(Source language) intrusion A source language intrusion is when the source language (the language that the original message was produced in, be it English, American Sign language or any other spoken or signed language) influences the interpretation, usually in an unnatural choice of words or a grammatical error that makes sense in the source language, but not in the target language.

sL: "If you get my meaning. . ."

back translation: "If you obtain my meaning." intrusion: the English word "get" can mean "understand", but the sign GET can not.

An intrusion may be: (1) lexical - where the gloss for a sign is overgeneralized - as in GET above or (2) syntactic - where the interpretation is structurally too English and the ASL user has to reconstruct what the original English must have been and reinterpret it him/herself. The example above is also syntactic and needs to be restructured as shown above.


An anomaly "refers to instances in which the tL message is meaningless or confused and cannot be reasonably accounted for or explained by another miscue type." (p88)

sL: "The matiere courses were taken in other departments."
tL: SECOND-THING OTHER NEXT INDEX-'first and second item on list of five' M-A-T-U-R-E THAT INDEX--'second item on list of five' OTHER P-T-S.
back translation: "Second item of the next list of items first item second item mature that second item other p-t-s."
anomaly: no verb and reference to a list that was not set up previously.

Omissions tend to be the most frequent in occurrence. This may be due to processing interfering with concentrating on everything that is heard. Not all omissions are equally bad. A lexical omission of some items from a list where enough items are conveyed to give the general idea is not as bad as a cohesive one that omits the name of the topic that will be discussed next. The consumer may be able to recover the information because the speaker is redundant in his/her presentation, or the consumer knows the information at hand is wrong and can substitute knowledge of the truth for what was said/signed.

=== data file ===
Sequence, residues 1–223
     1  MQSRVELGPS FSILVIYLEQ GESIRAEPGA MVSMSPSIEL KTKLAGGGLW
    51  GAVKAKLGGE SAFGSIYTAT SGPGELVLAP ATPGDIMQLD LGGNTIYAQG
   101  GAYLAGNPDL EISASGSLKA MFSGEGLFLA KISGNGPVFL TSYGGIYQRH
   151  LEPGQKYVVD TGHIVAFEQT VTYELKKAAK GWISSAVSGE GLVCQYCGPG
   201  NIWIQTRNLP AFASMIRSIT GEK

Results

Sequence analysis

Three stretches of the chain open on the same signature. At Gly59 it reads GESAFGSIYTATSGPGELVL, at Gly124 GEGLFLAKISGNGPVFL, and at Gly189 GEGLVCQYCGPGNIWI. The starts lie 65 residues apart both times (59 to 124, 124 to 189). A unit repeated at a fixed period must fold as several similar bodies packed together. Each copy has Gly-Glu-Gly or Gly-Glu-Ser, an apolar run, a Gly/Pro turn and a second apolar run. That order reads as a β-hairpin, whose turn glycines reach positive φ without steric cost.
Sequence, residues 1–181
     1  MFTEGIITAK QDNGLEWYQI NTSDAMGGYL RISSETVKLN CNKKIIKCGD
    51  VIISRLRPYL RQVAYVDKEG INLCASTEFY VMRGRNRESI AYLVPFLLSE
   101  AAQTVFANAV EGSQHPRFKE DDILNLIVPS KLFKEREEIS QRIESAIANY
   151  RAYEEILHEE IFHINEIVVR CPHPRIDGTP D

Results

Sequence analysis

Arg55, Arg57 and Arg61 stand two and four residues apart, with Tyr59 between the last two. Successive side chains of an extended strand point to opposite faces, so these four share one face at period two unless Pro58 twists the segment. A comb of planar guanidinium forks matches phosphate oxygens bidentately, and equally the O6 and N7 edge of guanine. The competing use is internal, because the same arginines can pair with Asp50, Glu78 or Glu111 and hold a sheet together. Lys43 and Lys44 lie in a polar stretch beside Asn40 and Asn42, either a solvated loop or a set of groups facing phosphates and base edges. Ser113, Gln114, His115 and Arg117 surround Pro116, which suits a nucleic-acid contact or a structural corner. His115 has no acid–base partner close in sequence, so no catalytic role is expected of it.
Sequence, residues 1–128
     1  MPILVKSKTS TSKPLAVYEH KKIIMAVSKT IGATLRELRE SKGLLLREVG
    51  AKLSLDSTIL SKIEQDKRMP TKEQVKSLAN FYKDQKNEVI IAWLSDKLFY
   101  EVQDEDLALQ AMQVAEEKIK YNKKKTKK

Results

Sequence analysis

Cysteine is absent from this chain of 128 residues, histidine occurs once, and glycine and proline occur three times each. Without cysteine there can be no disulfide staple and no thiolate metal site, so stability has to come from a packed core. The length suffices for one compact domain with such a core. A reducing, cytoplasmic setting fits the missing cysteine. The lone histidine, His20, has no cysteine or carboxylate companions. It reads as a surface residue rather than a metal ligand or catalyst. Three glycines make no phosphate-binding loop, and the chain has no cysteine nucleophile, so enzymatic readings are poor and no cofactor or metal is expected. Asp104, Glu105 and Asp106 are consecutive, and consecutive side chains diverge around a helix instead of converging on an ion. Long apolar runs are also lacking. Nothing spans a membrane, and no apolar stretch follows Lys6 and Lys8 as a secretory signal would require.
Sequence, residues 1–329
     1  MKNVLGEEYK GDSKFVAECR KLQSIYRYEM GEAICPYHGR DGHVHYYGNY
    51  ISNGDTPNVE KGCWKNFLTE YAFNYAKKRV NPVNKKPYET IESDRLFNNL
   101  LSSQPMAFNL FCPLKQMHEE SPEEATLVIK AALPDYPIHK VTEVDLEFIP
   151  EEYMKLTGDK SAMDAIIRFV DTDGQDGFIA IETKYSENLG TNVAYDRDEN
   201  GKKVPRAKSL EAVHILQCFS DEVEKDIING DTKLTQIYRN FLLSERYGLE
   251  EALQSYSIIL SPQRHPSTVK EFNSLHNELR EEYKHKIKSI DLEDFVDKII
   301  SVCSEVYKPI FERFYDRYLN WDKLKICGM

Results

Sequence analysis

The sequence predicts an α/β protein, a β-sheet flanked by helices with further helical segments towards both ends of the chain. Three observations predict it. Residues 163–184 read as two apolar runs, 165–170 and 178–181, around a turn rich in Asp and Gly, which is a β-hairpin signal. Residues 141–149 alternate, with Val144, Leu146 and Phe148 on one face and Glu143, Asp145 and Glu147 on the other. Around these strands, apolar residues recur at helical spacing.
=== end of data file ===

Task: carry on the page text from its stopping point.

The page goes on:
Cokely's study showed that interpreters with longer lag time, even by a few seconds, had far fewer additions, presumably because they understood the message and did not need to try to anticipate (often wrongly) what would be said next. Just waiting longer is not the solution to everything of course, the interpreter must be able to retain what was heard. Too short of a lag time will lead to an over literal (too English) interpretation which must be fixed by adding a correction of what was missigned (or misspoken). Often there is no time for a correction, the interpreter may be embarrassed to show his/her error or may feel that a correction would be intrusive. One of the interesting additions that was found was that of nonmanuals. I often observe interpreters add th (the tongue stuck out) or mm (the lips pursed like a kiss) in inappropriate places as was found in this study. It could be that interpreters think certain signs always get this nonmanual or they may be trying to look Deaf by not mouthing every word and use these nonmanuals as something to do with their mouth.